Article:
Stories had always intrigued me. Every year, before the start of a new academic session, my father would get me a stack of books. Being the curious child that I was, I would skim through all of them, not because I was interested in what didactic information I would be consuming over the remainder of the year, but because I found those unexplored words and pictures gripping. I’m still not sure why. However, it were the supplementary textbooks that I kept for the end, finishing them before anything else.

Well, I am an introvert. Did books make me one or was I always someone who preferred a good book and solitude to the company of others? I don’t know. Books and I, well, we go a long way. I really cannot pinpoint a reason why I love reading. One might be tempted to think it had something to do with them helping me escape reality. But I have been into books since my formative years, and I had a decent childhood by all accounts. I have been a dreamer ever since I was a kid. I guess all kids are dreamers. However, in my case, books gave wings to those dreams from a very young age.

My dad’s collection of religious and spiritual books served to feed the imagination of that fledgling dreamer in me. The children’s monthly, Chandamama, only reinforced it. In fact, I kept reading it well into my adulthood, until they stopped publishing it altogether. That said, if I am to pick one author from my childhood, then it would have to be my hero and role model, Ruskin Bond. I have devoured practically everything he has ever written for kids.

Love, however, doesn’t happen at first sight. There were some genres I didn’t like at all. However, this is not to say that my dislikes were set in stone. Poetry, which I had always found dull and unexciting in childhood, began to feel deep and meaningful as teenage beckoned. From Rumi to Rupi Kaur, poems added depth to my understanding of love and my own self. Even so, no author has left a bigger, more indelible impression on my psyche than the one and only Sylvia Plath.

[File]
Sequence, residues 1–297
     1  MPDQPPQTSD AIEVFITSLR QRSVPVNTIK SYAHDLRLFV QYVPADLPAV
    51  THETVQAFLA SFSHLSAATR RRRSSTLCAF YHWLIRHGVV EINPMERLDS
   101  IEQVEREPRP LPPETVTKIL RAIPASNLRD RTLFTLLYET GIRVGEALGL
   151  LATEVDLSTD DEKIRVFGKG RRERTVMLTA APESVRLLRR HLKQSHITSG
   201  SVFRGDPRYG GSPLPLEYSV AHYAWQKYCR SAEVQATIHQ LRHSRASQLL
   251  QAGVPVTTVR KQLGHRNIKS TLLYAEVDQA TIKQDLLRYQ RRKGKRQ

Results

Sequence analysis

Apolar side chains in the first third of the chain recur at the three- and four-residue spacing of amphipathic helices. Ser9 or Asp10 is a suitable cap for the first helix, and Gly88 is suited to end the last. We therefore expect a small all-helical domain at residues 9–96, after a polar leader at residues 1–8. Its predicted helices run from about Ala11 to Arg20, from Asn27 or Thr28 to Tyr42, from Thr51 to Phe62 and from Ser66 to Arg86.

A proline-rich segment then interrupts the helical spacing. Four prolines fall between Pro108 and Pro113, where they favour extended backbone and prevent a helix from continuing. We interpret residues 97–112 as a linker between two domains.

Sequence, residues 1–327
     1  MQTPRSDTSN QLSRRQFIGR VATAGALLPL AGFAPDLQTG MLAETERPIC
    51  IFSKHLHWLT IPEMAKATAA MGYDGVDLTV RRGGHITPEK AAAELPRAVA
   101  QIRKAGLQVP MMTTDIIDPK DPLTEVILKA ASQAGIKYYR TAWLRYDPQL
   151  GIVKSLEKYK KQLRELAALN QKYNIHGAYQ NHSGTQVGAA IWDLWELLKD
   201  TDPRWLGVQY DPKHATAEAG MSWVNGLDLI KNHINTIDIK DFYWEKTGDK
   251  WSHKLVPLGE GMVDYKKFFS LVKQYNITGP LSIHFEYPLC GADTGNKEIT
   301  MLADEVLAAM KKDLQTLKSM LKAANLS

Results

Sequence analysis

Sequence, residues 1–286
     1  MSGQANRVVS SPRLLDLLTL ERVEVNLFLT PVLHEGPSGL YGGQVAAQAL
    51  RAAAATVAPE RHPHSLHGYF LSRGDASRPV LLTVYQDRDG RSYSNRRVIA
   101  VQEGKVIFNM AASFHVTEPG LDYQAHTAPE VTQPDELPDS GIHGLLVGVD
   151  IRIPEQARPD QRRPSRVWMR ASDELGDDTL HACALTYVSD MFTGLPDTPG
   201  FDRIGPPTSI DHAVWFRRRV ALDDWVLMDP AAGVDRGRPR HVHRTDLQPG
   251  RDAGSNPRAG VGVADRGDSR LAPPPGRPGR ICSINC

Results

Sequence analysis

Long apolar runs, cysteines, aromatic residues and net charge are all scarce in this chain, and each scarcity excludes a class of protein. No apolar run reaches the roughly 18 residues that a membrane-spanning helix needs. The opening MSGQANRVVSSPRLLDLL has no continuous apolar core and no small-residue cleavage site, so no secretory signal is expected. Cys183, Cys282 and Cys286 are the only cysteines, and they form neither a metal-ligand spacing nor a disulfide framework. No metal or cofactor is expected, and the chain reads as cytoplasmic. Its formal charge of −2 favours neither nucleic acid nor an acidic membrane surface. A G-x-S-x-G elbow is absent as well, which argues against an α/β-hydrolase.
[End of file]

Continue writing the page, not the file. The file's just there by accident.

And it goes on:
Ishan Kalia story

Another genre I absolutely detested as a kid was history. Surprisingly, though, later in life, I developed a liking for it. In fact, it became my favorite subjects, and today, I have no qualms about admitting that I have probably read more history books than books from any other genre! Sapiens: A Brief History of Humankind left me thinking for weeks. It still happens to be the most astounding book I have read to date.

Back in school days, my inability to make sense of Shakespearean language and style had strengthened a misconception that all classical literature was irrelevant. It felt foreign to me. That was the way I felt about all old literature. Besides, considering how active I was on Wattpad, I never really got the chance to consume much of the classics. However, all those misapprehensions came tumbling down like a house of cards once I chanced upon George Orwell’s 1984. It has to be one of the most riveting books ever published.

To sum up, to me, books feel like an inseparable soulmate; they always have. Time has only served to fuel my love for books. Whenever I grow weary of the world or whenever my spirits are down, I always go back to the comfort of a good book. And that is where I find my peace, solace, and home.


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